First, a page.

The source of the music is stationary, so she carries on. “I’ve learned you just got to let New Orleans be New Orleans,” jokes the former schoolteacher, who makes the same money storytelling as she did wrangling kids. I count no fewer than 15 tours on the road at the same time, so it is a lucrative business indeed.
At the Bourbon Orleans Hotel, which used to be a theatre and then a convent with a hospital and an orphanage, she claims “the ratio of dead to alive is 10 to one.” Fun facts: dental grade fangs cost about $200, and there are two kinds of vampires: sanguinarians, who drink blood, and psychics, who “siphon off happiness and creative energy.”
While New Orleans is excellent at feeding both body and demented souls, it also speaks to the senses. This includes an olfactory-lobe assault from the fetid combination of heat and garbage, which makes the city’s soundtrack all the sweeter.
We hear the notes of Oh! Susanna playing on a calliope as we approach the Natchez steamboat for a tour of the mighty Mississippi. It is quaint and carnival-like from afar, but up close it feels like a drill bit biting into your brain as the wheezing whistles have only one volume, and that is loud. A busker outside the cathedral sings heavenly opera as his arms move in parabolas around him. Jazz spills from every bar and restaurant.
The most magical interlude happens on Washington Street north of St. Charles, after Sarah gets wind of a first line in our hood, and we set out to find the roving band of merrymakers. It features two jazz bands and the Goodfellas, who are not mobsters but a community service organization. They are kitted out in tan suits and brown fedoras with elaborate beribboned and bedazzled vestments, not to mention huge sweeping feather fans that look like bird wings in each hand.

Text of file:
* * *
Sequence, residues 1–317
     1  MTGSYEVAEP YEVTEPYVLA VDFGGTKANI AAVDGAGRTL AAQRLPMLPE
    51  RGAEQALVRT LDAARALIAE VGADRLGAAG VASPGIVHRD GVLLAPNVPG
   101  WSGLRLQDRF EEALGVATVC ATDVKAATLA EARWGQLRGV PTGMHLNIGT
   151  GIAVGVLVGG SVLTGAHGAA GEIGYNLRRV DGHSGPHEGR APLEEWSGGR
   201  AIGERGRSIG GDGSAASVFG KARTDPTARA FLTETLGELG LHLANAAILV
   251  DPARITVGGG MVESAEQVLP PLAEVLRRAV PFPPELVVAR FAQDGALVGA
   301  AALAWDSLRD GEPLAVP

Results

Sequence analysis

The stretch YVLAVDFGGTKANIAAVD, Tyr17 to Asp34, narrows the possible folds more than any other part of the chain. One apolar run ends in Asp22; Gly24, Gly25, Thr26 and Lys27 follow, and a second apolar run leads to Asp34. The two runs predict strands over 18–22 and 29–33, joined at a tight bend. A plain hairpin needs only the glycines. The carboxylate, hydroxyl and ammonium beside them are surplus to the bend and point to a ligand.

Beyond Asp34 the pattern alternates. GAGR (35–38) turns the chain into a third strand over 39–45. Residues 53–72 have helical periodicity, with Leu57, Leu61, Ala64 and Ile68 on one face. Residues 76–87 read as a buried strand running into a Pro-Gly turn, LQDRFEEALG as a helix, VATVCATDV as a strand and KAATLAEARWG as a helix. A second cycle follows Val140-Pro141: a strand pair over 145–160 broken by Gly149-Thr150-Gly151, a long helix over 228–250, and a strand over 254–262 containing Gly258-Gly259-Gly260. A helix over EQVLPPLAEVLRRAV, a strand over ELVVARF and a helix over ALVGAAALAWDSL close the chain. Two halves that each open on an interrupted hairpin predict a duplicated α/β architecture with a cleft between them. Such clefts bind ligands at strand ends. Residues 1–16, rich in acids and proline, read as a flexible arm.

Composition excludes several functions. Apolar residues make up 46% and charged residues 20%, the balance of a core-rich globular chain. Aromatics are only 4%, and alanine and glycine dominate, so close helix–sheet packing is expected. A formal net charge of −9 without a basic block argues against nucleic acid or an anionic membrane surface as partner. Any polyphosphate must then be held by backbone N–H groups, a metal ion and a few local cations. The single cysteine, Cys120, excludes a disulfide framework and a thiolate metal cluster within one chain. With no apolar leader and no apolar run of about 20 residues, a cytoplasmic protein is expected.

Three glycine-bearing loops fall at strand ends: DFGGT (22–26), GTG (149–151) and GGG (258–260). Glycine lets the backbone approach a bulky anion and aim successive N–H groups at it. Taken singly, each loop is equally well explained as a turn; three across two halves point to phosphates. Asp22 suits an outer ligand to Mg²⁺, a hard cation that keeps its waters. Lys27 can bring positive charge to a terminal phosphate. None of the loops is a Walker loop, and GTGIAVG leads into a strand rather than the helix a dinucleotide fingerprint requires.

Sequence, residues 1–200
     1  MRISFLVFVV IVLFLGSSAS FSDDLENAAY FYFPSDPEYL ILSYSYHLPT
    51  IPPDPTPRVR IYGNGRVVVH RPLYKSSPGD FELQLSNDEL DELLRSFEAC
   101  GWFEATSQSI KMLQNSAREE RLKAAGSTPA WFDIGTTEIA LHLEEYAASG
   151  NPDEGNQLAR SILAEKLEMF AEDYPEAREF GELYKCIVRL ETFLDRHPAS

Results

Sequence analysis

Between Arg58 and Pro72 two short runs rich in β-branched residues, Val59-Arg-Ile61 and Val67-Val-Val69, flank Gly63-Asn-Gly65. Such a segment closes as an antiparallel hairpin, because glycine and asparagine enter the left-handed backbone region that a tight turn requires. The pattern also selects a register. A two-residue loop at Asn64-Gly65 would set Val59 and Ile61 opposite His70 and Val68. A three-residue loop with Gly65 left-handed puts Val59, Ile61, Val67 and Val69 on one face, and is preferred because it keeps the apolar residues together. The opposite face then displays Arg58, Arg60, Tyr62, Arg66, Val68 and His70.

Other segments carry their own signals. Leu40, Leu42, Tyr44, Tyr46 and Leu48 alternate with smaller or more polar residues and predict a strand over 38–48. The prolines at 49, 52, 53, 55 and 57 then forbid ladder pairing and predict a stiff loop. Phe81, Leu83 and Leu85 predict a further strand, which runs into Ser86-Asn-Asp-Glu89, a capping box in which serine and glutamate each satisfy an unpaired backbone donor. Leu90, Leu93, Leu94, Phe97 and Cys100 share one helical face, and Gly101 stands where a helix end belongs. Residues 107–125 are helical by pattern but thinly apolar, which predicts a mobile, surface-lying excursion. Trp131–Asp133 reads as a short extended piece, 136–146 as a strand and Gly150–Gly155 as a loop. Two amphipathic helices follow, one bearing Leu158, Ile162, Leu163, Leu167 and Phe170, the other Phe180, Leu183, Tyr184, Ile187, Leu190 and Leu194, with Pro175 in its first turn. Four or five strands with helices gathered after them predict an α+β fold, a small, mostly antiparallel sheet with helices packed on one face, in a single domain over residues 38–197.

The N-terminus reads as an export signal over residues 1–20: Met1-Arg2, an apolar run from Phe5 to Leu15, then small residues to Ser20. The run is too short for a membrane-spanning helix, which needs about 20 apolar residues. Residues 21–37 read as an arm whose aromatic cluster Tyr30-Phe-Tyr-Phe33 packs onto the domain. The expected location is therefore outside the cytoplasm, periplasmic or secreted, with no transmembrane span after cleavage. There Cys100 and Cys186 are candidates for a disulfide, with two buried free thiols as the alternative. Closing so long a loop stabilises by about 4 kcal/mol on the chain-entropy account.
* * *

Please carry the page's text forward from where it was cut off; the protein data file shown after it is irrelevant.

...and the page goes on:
We fall into the second line, now about two blocks long, following a young guy who bobs and weaves beside his bike. To stave off heat stroke, we buy Coronas for $2 off the back of a pickup truck, which has an extensive inventory displayed on top of the cab.
We eat and drink the week away, with a little window shopping on Royal and Magazine streets and take a bus tour to the Hurricane Katrina memorial, the 17th Street canal in Lakeview – one of 50 places where the flood walls and levees were breached in the 2005 disaster – Lake Pontchartrain, and City Park. We retreat often to our air-conditioned Airbnb, where we read books and binge watch The Great British Baking Show and Justified.
With the exception of one night where Liz and I spend too much time on the porch with a bottle of bourbon, we are well-behaved. We have hours and hours of time to talk, which is more important than ever, since my friends fill in ever-increasing gaps in my memory. I treasure the freedom to ask these women the deepest, darkest questions: Will my children ever learn to clean a toilet? Do I have signs of early-onset dementia?
On our last night in town, we step off the elevator and into the rooftop bar of the nearby Hotel Pontchartrain, where Tennessee Williams wrote A Streetcar Named Desire. One wall is completely open to the terrace, which turns the night outside in. We order cocktails and turn to the 270-degree view to toast the city and the conclusion of another successful escape from the pressures of life and work and family.